Caring For Elderly Parents Catches Many Unprepared

Start With The Paperwork

While many parents lack an advance care directive, it's the most basic and important step they can take. The directive includes several parts: a durable power of attorney, which gives someone legal authority to make financial decisions on another's behalf; a health care proxy, which is similar to the power of attorney, except it allows someone to make decisions regarding medical treatment; and a living will that outlines instructions for end-of-life care. (For example, parents can say if they want to be kept alive by artificial measures.)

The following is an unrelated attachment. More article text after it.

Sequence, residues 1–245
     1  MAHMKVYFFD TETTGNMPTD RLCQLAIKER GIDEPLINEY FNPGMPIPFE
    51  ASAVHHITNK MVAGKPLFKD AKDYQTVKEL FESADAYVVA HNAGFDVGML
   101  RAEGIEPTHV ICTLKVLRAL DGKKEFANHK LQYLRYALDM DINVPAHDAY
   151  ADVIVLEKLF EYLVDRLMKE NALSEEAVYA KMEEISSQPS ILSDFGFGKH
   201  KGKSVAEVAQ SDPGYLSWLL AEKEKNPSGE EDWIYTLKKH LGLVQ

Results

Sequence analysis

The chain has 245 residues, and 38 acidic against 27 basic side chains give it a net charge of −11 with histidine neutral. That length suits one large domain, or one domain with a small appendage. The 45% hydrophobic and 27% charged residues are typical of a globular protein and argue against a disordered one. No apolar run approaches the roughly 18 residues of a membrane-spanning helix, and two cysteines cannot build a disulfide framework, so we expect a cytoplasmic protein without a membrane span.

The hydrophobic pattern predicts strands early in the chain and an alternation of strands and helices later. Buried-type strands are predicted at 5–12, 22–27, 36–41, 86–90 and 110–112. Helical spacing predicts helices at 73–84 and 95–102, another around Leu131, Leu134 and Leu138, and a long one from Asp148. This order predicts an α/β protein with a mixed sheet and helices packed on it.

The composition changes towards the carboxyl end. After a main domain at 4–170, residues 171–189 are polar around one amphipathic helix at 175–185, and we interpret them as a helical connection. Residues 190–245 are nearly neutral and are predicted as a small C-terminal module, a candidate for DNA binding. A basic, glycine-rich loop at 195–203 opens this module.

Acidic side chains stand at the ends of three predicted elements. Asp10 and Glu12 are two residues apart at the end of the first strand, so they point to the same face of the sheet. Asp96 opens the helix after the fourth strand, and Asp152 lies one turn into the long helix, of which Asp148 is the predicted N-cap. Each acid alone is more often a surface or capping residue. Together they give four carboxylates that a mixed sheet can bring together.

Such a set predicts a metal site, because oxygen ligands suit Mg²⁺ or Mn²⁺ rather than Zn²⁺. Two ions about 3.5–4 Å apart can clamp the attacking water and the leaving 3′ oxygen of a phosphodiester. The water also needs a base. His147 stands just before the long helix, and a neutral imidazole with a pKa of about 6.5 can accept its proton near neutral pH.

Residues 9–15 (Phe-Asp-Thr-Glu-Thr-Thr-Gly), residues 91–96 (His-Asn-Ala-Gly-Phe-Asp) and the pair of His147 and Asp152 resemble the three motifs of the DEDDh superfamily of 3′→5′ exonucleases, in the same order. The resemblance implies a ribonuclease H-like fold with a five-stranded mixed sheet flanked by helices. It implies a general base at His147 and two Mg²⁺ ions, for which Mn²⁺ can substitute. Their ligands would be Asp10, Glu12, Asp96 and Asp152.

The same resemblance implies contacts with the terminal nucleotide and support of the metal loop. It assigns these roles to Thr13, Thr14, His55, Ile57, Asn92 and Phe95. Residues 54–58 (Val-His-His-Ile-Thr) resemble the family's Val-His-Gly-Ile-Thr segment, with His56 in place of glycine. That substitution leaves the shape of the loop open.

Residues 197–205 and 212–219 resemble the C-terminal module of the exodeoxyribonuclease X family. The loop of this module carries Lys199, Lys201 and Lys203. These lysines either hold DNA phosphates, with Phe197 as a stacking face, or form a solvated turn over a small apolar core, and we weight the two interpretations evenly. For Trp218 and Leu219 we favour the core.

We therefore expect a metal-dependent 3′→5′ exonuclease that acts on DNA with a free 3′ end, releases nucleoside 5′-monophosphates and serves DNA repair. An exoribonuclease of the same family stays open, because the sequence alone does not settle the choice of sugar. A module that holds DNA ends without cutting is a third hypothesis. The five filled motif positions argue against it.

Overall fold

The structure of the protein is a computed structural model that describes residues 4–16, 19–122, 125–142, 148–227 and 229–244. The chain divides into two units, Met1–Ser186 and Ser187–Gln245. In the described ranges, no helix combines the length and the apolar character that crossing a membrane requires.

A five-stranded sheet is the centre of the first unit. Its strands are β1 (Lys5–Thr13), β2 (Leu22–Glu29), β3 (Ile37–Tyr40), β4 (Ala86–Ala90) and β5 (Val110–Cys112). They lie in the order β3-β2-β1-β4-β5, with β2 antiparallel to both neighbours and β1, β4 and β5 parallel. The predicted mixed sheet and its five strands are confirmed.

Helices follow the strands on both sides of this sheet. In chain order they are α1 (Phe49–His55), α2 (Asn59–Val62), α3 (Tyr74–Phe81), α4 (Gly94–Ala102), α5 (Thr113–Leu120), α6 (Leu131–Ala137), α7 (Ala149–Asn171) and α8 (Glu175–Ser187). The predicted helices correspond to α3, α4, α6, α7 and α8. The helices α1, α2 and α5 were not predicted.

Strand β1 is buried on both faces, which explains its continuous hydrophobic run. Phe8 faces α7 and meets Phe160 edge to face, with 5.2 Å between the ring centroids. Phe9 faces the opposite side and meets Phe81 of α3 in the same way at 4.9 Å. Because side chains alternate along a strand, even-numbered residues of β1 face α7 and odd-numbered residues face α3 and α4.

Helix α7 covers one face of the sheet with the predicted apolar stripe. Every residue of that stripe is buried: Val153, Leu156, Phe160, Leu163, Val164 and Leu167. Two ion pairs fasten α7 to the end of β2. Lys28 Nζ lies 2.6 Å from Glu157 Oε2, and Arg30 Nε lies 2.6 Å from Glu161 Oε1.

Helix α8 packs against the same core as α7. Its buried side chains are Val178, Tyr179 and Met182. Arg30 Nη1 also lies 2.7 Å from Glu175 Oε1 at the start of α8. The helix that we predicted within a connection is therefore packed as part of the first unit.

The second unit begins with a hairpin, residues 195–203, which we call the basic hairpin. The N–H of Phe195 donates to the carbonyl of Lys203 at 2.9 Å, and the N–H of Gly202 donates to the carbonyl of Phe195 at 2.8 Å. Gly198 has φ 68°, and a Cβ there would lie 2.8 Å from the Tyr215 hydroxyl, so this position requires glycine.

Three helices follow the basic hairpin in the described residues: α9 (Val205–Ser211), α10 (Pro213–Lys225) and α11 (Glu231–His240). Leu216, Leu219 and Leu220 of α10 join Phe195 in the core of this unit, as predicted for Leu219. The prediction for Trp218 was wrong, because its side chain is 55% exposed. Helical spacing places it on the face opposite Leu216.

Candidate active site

An advance care directive is the first line of defense if a situation arises. Without one, the family will have to petition the court to be appointed the parent's legal guardian, which is time and cost (both actual and emotional) consuming.

This is a case where an ounce of prevention is worth a pound of cure. It also alerts adult children to their parents preferences.

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